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February 07, 2008


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Chris Mautner

Interesting. I always thought Odds Off was one of Madden's weakest efforts. Now you've given me food for thought.

Craig Fischer

I think I'm with Chris on this one. Charles, you make a strong case for the quality of ODDS OFF. Why is it, then, that I don't like the book more?

The problem here may be my own personal artistic preferences. You’re exactly right when you write that Madden isn’t “the sort of cartoonist whose work lives and dies by rendering.” Madden’s first priority is with creating pictures that transmit information as clearly as possible, and he’s not as interested in the grace and beauty of the pictures themselves. But I’m selfish; I want both clarity and beauty, and I’m not sure that ODDS OFF gives us enough of either.

The understated, naturalistic tale Madden tackles here calls for a style that captures gestures and faces with razor-sharp clarity, but I found Madden’s line--a thick, sloppy brush line of relatively unvarying width--a poor vehicle for conveying facial emotion. I didn’t like Lance very much, and I think that's because Madden’s style makes him look ugly and off-putting. This brush style also sinks Madden’s representation of the televised French lessons that Morgan watches (instead of relating to Shirin). It looks to me like Madden tries to draw Chantal and Patrick, the characters in the French show, in a thinner pen line, in appropriate emulation of the ligne claire, but he just doesn’t have the chops to pull it off: they just look like thinner versions of the slackers that populate the rest of the book. This is disappointing, given Madden’s witty mimicry of styles in 99 WAYS, just a few years later.

Charles, I also have to disagree with your characterization of the conclusion to ODDS OFF as “emotionally disappointing but also, I think, spot-on.” You call the conversation between Shirin and Lance “disarmingly frank,” but I found it implausible. Given Lance’s inability, earlier in the narrative, to bring himself to even speak to Morgan, the fact that he would blurt out “Yeah, I really wanna fuck him, hee hee hee!" to Shirin doesn’t make sense to me. (Plus, the line “Yeah, I really wanna fuck him, hee hee hee!” isn’t exactly an advertisement for Madden’s dialogue-writing skills.) And in the last panel, Madden gives in to sentiment and manufactures a forced happy ending when he introduces a new character, similar in looks to Morgan, who begins to chat up Lance at the party. Ugh.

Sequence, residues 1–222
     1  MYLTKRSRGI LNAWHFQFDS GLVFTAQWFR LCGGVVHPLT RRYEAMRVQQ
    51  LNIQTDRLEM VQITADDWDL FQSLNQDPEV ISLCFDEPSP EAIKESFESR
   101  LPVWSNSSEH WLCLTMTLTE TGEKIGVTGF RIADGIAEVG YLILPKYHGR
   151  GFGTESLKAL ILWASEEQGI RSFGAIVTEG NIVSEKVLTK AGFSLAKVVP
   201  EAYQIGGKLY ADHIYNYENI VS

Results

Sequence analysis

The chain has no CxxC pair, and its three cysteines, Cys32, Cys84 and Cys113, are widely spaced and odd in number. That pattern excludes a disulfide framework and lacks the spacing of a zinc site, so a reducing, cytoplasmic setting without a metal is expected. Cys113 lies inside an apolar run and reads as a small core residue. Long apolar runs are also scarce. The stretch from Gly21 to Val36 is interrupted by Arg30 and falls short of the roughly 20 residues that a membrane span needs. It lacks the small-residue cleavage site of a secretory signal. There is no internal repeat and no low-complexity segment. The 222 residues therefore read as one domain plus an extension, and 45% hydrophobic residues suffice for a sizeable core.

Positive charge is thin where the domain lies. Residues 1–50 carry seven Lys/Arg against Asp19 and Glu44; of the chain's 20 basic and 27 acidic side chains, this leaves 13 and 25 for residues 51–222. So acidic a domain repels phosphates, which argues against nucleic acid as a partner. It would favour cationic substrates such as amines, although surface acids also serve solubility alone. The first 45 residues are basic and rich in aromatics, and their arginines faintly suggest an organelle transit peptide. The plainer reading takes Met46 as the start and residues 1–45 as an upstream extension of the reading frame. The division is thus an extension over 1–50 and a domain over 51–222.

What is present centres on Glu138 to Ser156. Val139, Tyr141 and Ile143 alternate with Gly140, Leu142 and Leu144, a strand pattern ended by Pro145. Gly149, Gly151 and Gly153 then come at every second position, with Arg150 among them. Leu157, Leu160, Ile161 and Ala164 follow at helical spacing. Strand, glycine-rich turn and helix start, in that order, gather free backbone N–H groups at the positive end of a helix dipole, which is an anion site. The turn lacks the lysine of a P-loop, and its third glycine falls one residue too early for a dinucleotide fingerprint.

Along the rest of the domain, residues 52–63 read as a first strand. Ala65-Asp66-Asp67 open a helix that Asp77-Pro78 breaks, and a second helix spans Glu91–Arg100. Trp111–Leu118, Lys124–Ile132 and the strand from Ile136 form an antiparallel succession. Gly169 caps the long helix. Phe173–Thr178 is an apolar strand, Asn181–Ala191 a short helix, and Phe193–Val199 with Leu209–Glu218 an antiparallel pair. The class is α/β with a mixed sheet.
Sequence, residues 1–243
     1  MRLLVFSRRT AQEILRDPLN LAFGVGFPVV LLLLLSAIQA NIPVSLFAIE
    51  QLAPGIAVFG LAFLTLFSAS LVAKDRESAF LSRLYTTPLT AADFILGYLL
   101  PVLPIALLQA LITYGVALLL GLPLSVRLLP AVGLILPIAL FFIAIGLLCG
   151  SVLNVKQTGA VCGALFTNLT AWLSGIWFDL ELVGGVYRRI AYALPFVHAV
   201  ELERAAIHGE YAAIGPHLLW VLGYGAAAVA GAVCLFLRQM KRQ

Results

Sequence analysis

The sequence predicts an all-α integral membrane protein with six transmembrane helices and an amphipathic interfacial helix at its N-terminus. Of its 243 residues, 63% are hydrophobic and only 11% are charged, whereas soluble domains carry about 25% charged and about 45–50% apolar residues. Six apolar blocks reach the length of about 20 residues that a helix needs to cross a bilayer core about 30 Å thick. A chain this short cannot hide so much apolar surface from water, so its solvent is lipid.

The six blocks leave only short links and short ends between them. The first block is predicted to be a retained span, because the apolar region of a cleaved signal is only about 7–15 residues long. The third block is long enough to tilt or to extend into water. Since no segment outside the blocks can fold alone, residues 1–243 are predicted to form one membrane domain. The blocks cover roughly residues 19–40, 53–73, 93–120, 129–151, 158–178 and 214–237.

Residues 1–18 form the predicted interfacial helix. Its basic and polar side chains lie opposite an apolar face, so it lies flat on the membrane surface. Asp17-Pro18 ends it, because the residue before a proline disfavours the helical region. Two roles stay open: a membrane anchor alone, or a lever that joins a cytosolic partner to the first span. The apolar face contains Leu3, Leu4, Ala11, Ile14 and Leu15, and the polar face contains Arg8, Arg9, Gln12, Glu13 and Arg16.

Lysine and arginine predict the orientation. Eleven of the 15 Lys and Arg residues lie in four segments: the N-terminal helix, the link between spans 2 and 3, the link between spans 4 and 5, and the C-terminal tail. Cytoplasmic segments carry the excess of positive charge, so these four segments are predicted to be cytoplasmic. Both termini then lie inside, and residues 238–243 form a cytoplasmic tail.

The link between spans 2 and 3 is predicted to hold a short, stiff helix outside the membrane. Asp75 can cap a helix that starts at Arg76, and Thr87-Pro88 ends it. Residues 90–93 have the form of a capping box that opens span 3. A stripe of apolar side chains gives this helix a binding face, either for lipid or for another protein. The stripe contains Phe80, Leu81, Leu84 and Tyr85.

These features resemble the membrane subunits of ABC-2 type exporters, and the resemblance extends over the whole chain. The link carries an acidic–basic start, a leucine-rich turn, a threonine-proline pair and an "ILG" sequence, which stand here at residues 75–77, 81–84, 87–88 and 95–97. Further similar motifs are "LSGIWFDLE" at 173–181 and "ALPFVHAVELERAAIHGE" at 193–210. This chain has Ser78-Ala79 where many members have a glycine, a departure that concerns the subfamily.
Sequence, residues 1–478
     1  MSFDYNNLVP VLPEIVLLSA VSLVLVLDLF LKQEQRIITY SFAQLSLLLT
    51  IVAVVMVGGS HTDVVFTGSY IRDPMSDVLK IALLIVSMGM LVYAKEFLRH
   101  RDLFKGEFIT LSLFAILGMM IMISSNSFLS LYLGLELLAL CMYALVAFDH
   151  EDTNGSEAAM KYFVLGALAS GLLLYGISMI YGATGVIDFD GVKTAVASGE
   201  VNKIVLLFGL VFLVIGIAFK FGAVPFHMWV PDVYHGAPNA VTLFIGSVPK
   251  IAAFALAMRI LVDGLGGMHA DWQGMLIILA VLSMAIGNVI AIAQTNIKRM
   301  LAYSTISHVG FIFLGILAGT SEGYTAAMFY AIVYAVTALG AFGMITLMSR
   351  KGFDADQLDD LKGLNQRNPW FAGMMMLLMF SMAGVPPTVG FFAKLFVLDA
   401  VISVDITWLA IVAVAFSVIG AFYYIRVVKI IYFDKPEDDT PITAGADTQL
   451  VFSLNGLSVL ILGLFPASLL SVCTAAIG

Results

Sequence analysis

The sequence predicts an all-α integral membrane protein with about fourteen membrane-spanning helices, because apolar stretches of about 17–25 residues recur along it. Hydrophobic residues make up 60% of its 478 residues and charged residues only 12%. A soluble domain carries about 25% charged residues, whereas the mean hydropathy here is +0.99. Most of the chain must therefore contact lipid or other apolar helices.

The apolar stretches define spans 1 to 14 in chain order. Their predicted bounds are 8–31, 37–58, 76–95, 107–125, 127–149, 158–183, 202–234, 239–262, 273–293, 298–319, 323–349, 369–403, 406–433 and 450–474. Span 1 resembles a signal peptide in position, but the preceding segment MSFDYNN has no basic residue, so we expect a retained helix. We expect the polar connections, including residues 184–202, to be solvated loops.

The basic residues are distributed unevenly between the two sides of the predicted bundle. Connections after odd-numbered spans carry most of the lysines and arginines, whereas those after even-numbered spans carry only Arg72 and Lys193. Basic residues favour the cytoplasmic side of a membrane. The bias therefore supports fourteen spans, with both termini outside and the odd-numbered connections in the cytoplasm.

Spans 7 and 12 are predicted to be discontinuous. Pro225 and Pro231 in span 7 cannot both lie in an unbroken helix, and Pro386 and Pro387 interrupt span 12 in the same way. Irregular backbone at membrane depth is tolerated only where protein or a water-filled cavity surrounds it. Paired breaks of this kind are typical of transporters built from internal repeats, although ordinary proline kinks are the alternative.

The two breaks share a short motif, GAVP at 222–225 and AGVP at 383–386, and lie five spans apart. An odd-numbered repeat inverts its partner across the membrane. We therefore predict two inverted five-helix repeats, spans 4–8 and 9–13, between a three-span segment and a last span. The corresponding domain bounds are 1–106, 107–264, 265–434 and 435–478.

For me, ODDS OFF is a failed project by a good cartoonist (another example of which is Ariel Bordeaux’s NO LOVE LOST [1997]). Madden’s a smart and creative guy, though, and I'm eager to see DRAWING WORDS AND WRITING PICTURES.


Hey, I can't talk you into digging ODDS OFF; de gustibus non est disputandum, and all that. But, by way of reply:

Lance's outburst at book's end is very much in character. Check out the first scene in the book, at the New Year's party: there's a similar awkwardness, a similar bid for contact, a similar social bungling (replete with a gauche confessional quality: a crack about sex). Lance may be shy, but he says some pretty outrageous things to try to break the ice. The start of the book sets him up pretty well, and what comes later (including his conversations with friends) follows through credibly enough, IMO.

Also, believe it or not, it never occurred to me that Lance might be finding a new "Morgan" at book's end; I didn't see that, or, rather, didn't see it as anything more than a vague potential. Sure, another guy starts chatting up Lance, but do we know it will lead to anything? Madden's touch there, I thought, was light.

I do agree that Madden's brush line sometimes isn't up to it; as I said, the drawing is inconsistent. Sometimes it looks labored. But check out again that page I posted that shows Shirin and Morgan hugging, in the doorway; dig the subtle furtiveness of her expressions in that bottom tier. Very economically done, but telling. What gets me about ODDS OFF is that it's so clearly the work of someone working at the very frontiers of his ability; remarkably, he undertook what must have been a difficult project for him, and stuck it through with a consistency of approach, if not evenness of finish, that, from my POV, ends up being quite impressive.

I don't want to push TOO hard for ODDS OFF. As noted, the plot is vanishingly thin; the book lives and dies by its characters. What's more, I think that Madden is better at grace notes than at carrying the melody, if that makes any sense. This is a book of contracted scope, similar in heft and impact to a quiet literary short story (again, ARTBABE comes to mind), one of those here's-your-epiphany stories. But it's still my favorite book by Madden, the one that best shows his human gift for characterization and observation.

Re: wanting more "beauty" in the images themselves, yeah, I think ODDS OFF is pretty spartan. I tried to suggest that it belongs to a particular and perhaps already dated aesthetic (1990s-ish), something quite different from today's trend-setting art comics. If the trend in art comics is, to cop from Groensteen and Beaty here, toward the liberation of the image, well, ODDS OFF ain't going that way. Sort of an anti-ARRIVAL. :)

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